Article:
The Brexit blogs: working through change

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Cindy Vallance explores how the Kubler-Ross curve can be used in the work place.

My last blog encouraged leaders to take an active role in supporting staff to share their feelings in relation to Brexit, particularly given the complex and emotionally charged nature of this particular change. The UK, and the higher education sector as a whole, continue to receive a daily stream of Brexit-related announcements and uncertainty has not decreased, nor is it likely to in the near future.

University leaders are well-used to change. However, the scale of Brexit has had an unprecedented impact that continues to reverberate. Once you and your staff have named and shared your initial feelings, which may be grief or shock, and opened up the door for further discussion – then what? How do leaders use the change model and deal with feelings once they are unwrapped?[1]

Firstly, working through change is not linear and people may move backwards as well as forward through the phases.

During this phase of shock or denial, people need to take time to adjust to a new reality. They will want further information to understand what is happening and will need to know how to get help. Regular communication is the critical element here – web-based written communications, links and FAQs (ideally that have been tailored for the context of each institution) [2] can be helpful but it is also important to retain the human element. Some questions can be answered in writing, but there will also be those individuals who want to have direct face-to-face conversations, particularly if they feel they are being very personally affected. Even if universities do not have the answers yet, people will want to know that someone is listening.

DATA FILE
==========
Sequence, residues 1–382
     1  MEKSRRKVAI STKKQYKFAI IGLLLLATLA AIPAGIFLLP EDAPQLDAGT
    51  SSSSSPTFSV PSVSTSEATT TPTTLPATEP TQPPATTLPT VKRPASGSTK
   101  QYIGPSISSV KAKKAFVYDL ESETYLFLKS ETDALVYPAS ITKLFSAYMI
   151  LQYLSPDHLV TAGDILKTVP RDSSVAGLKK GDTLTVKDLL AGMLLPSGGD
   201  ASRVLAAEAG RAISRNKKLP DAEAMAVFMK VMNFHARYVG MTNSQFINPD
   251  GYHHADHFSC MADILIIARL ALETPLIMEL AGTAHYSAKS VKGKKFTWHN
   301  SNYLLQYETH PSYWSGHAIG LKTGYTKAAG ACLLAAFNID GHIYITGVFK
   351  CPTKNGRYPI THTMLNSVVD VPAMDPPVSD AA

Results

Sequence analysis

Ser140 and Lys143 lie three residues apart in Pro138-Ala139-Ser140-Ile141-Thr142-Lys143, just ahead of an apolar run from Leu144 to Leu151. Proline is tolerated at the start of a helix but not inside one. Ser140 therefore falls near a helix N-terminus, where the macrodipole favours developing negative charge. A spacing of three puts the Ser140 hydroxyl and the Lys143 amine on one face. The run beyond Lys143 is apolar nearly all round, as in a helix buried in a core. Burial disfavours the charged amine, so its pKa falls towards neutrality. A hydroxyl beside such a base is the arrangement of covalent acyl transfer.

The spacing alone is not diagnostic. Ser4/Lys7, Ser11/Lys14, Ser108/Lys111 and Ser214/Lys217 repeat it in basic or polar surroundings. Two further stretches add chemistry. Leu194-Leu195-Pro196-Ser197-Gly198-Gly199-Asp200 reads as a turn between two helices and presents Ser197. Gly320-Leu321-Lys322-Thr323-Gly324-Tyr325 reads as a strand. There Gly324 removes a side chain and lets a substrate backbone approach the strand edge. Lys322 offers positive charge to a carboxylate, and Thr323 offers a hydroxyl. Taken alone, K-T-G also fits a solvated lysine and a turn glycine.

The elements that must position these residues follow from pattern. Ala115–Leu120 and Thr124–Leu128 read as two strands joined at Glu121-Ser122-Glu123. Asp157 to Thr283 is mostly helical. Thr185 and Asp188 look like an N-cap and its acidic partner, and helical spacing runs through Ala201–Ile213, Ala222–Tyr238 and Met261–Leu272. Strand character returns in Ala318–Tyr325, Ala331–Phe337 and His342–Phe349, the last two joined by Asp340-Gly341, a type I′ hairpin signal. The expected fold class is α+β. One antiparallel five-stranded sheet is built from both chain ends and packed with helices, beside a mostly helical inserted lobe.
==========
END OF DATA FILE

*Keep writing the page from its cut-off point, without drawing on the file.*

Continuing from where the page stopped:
When working through any kind of change, feelings of anger, concern and depression often follow shock and denial. This phase is often experienced as resistance and this is often the most challenging element of change since, if it is not managed well, the organisation can quickly lose the goodwill of its people and may begin to descend into a sense of chaos. There is little value in denying people’s feelings. It can be difficult to predict where the pressure points will be and the unexpected will undoubtedly occur. However, this is where leaders can use the diversity of their experience to determine what questions people may have. Understanding the thematic sector and organisational issues as well as the specificity of individual concerns will enable leaders to begin to plan and prepare clear responses.